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Lenten time

Just that morning, she had asked her mother, very politely, if there were going to be any extra prayers or anything that would make the service take longer than usual. Abigail had noticed, in a very scientific way, that her ability to stay out of trouble had a lot to do with the service being as short as possible. And so, very politely, she had asked about it as they were driving to church.

Mrs. Alverson answered, “Abigail.” Just that.

Abigail was surprised. “What?” she asked innocently.

Abigail’s brother Mark answered her from the front seat. “You ask that every Sunday, Abby.”

(Chapter 1)

I feel your pain, Abigail. When I was going to church as a kid, I felt like church services went on for hours. As an adult looking back, I realize that these Protestant Sunday services probably only lasted 45 minutes at most. But it didn’t feel that way. I would try doodling, whispering with my sister (until we got a look from Mom), making up stories about everything in church … and it still felt like it took a year off my young life to get through a Sunday service. So I can only imagine how it feels sometimes to children who grow up Orthodox, where an average service lasts more than an hour.

And of course, Abigail has bigger problem than she quite realizes. She’s in church on the first Sunday of Lent — this is called the Sunday of Orthodoxy, and there is, in fact, something extra in the service. There’s a procession — one of the Orthodox traditions where the entire church lines up behind the clergy and walk slowly around the church. And there are four more Sundays to go, before Lent changes to Holy Week which culminates in Pascha. Some of those weeks will have processions; most will have longer prayers than usual. And there are extra services during the week.

It all becomes second nature after a while. In Abigail’s case, her family only joined the Orthodox Church a few years ago, and of course, a 10-year-old isn’t necessarily going to get the hang of things that happen a year apart. But for children that grow up Orthodox, and for adult converts like me who have put in enough years, you do start to enter into the Church’s pacing and rhythm at this time of year.


Letting the Church reset your clock

It begins with the Sundays that lead up to Lent. They have certain Gospel readings and reflect certain themes. You begin to know when you hear the Gospel reading of Zacchaeus and the the parable of the Publican and the Pharisee that the countdown has started. And eventually, even if you’re slow to catch on, you realize that you’ll be hearing about zeal and dedication on Zacchaeus Sunday, and about humility on the Sunday of the Pharisee and the Publican.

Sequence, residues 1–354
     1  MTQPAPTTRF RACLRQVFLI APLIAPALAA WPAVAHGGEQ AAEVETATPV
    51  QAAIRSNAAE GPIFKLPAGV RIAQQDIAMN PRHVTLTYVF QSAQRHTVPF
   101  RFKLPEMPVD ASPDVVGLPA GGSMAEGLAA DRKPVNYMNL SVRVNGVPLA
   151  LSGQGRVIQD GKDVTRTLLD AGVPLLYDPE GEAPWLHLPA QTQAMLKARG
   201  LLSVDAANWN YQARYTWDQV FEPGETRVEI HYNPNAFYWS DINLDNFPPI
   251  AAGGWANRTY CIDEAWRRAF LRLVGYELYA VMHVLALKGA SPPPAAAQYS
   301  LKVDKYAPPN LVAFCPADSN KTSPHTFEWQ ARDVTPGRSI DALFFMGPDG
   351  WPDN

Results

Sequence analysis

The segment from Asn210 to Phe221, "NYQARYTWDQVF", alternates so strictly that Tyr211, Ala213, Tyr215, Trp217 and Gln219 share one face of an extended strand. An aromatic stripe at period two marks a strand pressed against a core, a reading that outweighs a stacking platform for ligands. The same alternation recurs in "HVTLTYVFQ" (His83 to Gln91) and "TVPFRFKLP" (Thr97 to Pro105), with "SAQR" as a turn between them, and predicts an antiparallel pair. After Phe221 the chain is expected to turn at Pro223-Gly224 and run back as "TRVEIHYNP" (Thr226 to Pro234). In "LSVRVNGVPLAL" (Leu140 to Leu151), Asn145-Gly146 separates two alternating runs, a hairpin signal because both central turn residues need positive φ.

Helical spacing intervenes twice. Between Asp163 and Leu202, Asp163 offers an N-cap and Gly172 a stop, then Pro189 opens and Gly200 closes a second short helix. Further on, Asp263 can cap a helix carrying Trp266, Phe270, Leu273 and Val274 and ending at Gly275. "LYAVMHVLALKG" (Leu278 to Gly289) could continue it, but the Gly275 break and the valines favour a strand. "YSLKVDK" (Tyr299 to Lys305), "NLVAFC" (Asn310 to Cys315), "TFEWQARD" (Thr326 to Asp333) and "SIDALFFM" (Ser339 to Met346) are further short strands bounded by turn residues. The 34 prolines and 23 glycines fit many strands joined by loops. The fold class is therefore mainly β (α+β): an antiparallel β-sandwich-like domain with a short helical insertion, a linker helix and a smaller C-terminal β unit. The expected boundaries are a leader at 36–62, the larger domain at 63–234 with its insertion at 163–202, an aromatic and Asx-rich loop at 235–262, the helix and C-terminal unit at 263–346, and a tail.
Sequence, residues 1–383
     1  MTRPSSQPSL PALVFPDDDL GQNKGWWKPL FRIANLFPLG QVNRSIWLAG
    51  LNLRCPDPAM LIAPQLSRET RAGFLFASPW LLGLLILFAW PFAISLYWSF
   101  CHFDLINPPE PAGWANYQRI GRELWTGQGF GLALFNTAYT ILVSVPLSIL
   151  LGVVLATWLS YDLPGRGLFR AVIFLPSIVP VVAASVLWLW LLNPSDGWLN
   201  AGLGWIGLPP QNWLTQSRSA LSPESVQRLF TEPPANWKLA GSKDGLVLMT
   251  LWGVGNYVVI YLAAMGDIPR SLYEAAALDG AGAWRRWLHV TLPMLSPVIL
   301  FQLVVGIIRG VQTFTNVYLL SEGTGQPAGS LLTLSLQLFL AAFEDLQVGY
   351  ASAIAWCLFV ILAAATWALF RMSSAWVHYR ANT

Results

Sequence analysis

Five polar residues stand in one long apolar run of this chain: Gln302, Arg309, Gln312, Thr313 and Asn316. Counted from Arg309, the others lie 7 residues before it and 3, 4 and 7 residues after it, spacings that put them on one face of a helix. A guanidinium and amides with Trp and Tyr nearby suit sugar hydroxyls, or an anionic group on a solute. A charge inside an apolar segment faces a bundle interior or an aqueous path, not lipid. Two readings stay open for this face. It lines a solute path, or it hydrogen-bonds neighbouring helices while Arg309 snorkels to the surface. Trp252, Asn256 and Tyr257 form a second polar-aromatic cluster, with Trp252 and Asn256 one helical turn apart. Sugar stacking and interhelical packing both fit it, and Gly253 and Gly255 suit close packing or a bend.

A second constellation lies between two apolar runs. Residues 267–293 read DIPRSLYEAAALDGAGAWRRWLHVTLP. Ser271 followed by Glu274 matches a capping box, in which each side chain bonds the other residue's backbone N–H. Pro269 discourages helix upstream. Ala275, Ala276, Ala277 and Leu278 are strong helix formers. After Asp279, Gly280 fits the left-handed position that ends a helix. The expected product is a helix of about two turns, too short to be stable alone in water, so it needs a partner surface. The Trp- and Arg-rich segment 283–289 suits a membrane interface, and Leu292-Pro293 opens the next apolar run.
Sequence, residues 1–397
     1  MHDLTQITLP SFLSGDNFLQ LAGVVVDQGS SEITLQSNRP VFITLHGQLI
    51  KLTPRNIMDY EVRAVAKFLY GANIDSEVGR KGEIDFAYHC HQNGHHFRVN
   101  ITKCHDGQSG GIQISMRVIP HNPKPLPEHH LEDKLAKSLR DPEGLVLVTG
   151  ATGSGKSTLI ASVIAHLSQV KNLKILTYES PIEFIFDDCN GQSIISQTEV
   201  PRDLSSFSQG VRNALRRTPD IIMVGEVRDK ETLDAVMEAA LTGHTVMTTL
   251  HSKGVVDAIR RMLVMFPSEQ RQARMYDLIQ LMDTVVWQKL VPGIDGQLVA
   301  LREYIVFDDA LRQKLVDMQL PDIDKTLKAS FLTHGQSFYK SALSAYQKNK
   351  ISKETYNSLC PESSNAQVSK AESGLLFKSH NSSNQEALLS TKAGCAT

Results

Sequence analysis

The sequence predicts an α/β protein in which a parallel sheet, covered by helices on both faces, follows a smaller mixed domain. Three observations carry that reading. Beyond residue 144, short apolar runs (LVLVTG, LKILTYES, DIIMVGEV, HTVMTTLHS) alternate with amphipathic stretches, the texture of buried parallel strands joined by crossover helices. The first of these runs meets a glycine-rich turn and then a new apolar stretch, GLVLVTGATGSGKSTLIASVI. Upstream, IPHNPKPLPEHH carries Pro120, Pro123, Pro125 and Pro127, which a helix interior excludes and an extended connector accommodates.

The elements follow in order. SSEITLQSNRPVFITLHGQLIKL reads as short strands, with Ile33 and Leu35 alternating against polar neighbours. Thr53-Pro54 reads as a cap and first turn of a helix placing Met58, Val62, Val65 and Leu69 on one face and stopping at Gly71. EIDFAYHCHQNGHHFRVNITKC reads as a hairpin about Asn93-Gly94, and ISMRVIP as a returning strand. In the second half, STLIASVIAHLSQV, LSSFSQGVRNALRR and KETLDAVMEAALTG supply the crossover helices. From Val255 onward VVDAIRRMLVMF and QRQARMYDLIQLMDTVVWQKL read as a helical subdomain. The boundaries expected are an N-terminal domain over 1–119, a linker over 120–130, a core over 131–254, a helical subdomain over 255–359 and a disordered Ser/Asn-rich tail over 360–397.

clock on beach-croppedAnd so on. Once you’ve been in the Orthodox Church for a few years, you know the themes of the Sundays in Lent without even having to think about them very much. And then, at the end of that countdown, Lent begins on Forgiveness Sunday. And a new countdown starts — the Sundays on our Lenten journey.

I’ll have more to say about those Sundays as we get to them. But for now, I wanted to think more about the concept of “Lenten time.” The special Sundays with their themes, the extra services and longer prayers … naturally, they have a way of resetting our clock from where it usually is. We give this portion of the year to the Church, and we are led away from the world’s pressing demands and emphasis on superficial things. All of this is by design. At times like this the Church shows its age, it seems to me. You don’t come up with a plan that clever in just a few generations — it takes centuries to work out.

But there is also an aspect of it that is not engineered by us. There really is just something about the time of Lent. I have found that things tend to come together in my life — for better or for worse — during this church season. Most of job changes I have had happened during Lent; I prepared for my wedding during Lent; my father and father-in-law passed away during Lent. Things tend to come to a boil, and around the time of Pascha, they are resolved one way or another. And other Orthodox friends have told me the same thing.

So when I thought about the journey I had in mind for Abigail, and the way that matters of faith would become real to her in ways they never had before, I couldn’t think of any other time that it would have happened. It seemed like the most natural thing in the world. Because Abigail has been spending time in church — as we all sometimes do — without quite listening to what is going on, without quite letting it sink in. But as the days of Lent unfold, she finds that life and church are connecting and that there are lessons to be learned.

God willing, we all find that to be true as we undertake the journey of Lent.

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